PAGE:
A community association in the Tampa Bay area recently made international headlines when it said a homeowner put up his holiday decorations too early. It didn’t help that singer Mariah Carey weighed in on Twitter, saying, “My personal preference is to wait until after Thanksgiving but there’s no regulating festiveness.”

Community associations across the country are coming alive with festive lights and holiday decorations. Many have guidelines for homeowners to follow that detail the timing of when decorations may be displayed before and after the holiday and the hours when lights may be turned on, among other policies.

According to media reports, the Florida community has a policy that says Christmas decorations can’t be displayed until Thanksgiving Day. The homeowner had his lights strung by mid-November. A representative from the community said the association would consider amending its guidelines if enough homeowners support a change. That’s a common, sensible approach.

With apologies to Mariah Carey and her classic Christmas song, “All I Want for Christmas is You,” all community associations should want for the holidays are guidelines that are updated, fair, easy to follow, and owner supported.

While it might be too late for most communities to adjust their guidelines for holiday decorations at this point in the Christmas season, it’s never too early to plan for next year.

Community association board members should review their policies with the following advice in mind:

❚ Create holiday and religious display rules only if residents believe the community association would benefit from them.

❚ Consult with the community association manager and attorney if the community decides it would benefit from rules. Make sure the policies are consistent with the association’s governing documents as well as state and local laws.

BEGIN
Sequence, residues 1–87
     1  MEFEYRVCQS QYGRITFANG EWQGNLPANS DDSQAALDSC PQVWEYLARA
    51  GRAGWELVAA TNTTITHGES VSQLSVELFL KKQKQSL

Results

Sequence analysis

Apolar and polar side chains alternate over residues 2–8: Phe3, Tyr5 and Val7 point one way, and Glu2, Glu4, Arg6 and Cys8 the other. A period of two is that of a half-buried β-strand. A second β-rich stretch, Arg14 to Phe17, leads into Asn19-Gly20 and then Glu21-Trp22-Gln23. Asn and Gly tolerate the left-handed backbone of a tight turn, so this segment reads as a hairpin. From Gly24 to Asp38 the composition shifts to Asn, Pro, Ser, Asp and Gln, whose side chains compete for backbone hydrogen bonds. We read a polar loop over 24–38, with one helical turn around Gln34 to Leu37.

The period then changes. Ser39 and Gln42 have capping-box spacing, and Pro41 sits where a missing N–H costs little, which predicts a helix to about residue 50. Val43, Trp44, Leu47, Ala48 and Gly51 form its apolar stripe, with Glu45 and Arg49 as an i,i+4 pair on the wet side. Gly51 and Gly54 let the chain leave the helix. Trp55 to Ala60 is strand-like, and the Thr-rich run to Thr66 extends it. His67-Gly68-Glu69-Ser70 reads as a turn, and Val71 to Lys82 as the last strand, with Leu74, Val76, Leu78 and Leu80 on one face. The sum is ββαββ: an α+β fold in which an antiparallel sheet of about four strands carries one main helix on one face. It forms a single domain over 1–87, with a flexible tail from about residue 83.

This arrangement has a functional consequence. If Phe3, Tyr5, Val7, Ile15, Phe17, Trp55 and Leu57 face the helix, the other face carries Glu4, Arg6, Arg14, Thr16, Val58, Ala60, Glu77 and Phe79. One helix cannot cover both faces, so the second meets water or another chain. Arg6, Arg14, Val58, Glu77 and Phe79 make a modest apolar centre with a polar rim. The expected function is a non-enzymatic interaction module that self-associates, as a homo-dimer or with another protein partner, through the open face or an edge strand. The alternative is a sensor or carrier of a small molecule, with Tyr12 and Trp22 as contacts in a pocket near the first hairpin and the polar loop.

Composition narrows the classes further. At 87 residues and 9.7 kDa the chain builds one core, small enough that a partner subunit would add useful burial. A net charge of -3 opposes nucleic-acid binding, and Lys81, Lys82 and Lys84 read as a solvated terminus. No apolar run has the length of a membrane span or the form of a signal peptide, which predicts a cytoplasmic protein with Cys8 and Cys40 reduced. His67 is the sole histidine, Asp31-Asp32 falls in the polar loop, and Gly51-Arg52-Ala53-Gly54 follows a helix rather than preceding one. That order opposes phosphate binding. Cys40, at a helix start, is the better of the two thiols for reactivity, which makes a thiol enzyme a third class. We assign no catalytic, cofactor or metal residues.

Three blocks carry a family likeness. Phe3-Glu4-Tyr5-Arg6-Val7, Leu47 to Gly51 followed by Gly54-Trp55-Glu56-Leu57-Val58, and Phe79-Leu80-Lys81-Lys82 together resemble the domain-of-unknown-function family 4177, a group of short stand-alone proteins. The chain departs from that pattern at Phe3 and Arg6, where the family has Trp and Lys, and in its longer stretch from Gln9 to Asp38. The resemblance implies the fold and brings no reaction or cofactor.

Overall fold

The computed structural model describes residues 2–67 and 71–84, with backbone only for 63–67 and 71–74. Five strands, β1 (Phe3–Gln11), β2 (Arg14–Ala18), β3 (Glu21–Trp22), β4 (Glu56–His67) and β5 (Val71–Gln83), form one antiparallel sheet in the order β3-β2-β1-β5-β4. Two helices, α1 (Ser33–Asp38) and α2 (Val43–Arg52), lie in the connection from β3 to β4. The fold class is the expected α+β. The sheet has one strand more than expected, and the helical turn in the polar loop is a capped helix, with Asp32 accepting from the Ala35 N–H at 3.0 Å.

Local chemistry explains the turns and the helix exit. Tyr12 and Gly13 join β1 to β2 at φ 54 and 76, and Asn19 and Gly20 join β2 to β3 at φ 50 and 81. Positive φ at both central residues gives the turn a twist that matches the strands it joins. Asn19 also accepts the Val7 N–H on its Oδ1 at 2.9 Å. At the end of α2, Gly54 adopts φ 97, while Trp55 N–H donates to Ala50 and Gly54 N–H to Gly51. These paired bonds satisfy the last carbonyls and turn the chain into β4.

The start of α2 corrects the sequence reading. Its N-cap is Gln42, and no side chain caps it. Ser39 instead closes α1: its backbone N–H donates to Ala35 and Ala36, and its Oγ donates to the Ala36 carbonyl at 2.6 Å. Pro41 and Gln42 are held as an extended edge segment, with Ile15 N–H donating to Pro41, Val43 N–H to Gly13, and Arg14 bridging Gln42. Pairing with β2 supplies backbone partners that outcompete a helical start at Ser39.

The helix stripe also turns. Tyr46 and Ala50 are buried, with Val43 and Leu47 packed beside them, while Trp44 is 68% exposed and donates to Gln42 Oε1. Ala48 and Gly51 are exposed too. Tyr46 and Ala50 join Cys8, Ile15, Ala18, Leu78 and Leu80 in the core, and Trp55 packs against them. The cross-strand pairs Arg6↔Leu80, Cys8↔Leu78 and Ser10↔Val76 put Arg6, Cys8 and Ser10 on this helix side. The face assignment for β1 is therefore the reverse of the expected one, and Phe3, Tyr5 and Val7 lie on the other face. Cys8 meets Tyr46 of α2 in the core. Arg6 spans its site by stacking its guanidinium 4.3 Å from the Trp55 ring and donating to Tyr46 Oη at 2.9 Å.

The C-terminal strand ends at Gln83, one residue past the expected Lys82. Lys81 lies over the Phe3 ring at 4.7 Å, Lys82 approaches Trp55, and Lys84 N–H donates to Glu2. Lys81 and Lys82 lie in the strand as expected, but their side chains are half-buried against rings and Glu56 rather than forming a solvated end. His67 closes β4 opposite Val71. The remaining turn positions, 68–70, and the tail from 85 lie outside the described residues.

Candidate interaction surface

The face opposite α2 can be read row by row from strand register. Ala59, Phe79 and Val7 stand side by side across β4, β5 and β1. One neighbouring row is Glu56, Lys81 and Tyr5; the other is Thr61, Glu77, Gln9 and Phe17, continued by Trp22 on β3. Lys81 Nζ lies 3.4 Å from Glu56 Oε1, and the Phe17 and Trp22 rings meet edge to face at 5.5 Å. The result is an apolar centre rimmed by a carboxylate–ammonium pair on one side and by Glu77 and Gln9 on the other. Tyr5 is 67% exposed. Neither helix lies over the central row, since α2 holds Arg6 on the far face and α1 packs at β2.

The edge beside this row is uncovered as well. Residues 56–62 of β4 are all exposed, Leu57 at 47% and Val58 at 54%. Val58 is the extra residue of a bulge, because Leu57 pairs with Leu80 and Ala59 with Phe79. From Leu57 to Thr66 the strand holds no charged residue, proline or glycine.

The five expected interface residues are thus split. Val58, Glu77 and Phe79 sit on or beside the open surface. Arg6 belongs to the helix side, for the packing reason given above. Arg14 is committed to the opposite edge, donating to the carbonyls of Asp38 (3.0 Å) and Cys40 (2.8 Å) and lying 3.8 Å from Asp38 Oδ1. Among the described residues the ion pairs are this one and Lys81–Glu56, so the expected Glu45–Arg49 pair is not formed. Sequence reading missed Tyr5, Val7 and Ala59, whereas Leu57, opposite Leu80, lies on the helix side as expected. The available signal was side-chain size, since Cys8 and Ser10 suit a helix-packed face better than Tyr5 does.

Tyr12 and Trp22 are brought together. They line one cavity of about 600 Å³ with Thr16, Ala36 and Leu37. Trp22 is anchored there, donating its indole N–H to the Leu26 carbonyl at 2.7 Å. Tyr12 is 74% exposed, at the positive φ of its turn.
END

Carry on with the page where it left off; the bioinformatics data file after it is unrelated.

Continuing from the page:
❚ Request feedback from residents throughout the process and communicate new information to all residents after the policies are adopted. Make sure to review the policies regularly and determine if they need to be updated.

❚ Ensure that the policies are clear, enforceable, and reasonable. Also be sure to remind residents of the rules prior to each holiday season.

Community association residents also have a role to play. They should:

❚ Read updates from the community association, attend meetings, and contribute to the conversation.

❚ Know the community association’s rules before putting up holiday decorations and religious displays. Ask the board for clarification if there are questions.

❚ Consider volunteering on the board or on committees to influence the community’s approach.

Community association leaders should keep in mind that owners often like to decorate for holidays other than Hannukah and Christmas. After the new year, it’s a short hop to Valentine’s Day, then St. Patrick’s Day, then Easter, and then the star-spangled trifecta: Memorial Day, Flag Day, and Independence Day. And then it’s Halloween again. People have been known to decorate for these holidays and others with flags, window decals, and other accoutrements.

The same holiday decorations guidelines could still apply. Community associations should remind residents of their guidelines regularly so that no one is caught off guard.

>> Find more tips for the holiday season in “The Ultimate Guide to the Best Holiday Ever,” from the November/December 2021 issue of CAI’s Common Ground magazine.

Ella Cox

Ella Cox

Ella is a Communications Associate at CAI. Prior to joining the team, she worked in communications and marketing for an educational nonprofit in D.C. She has held a variety of different roles in education, advocacy, and event planning. Academically, she holds a B.A. in Corporate Communications from Belmont University and recently received her Masters in Communications & PR from the S.I. Newhouse School at Syracuse University.

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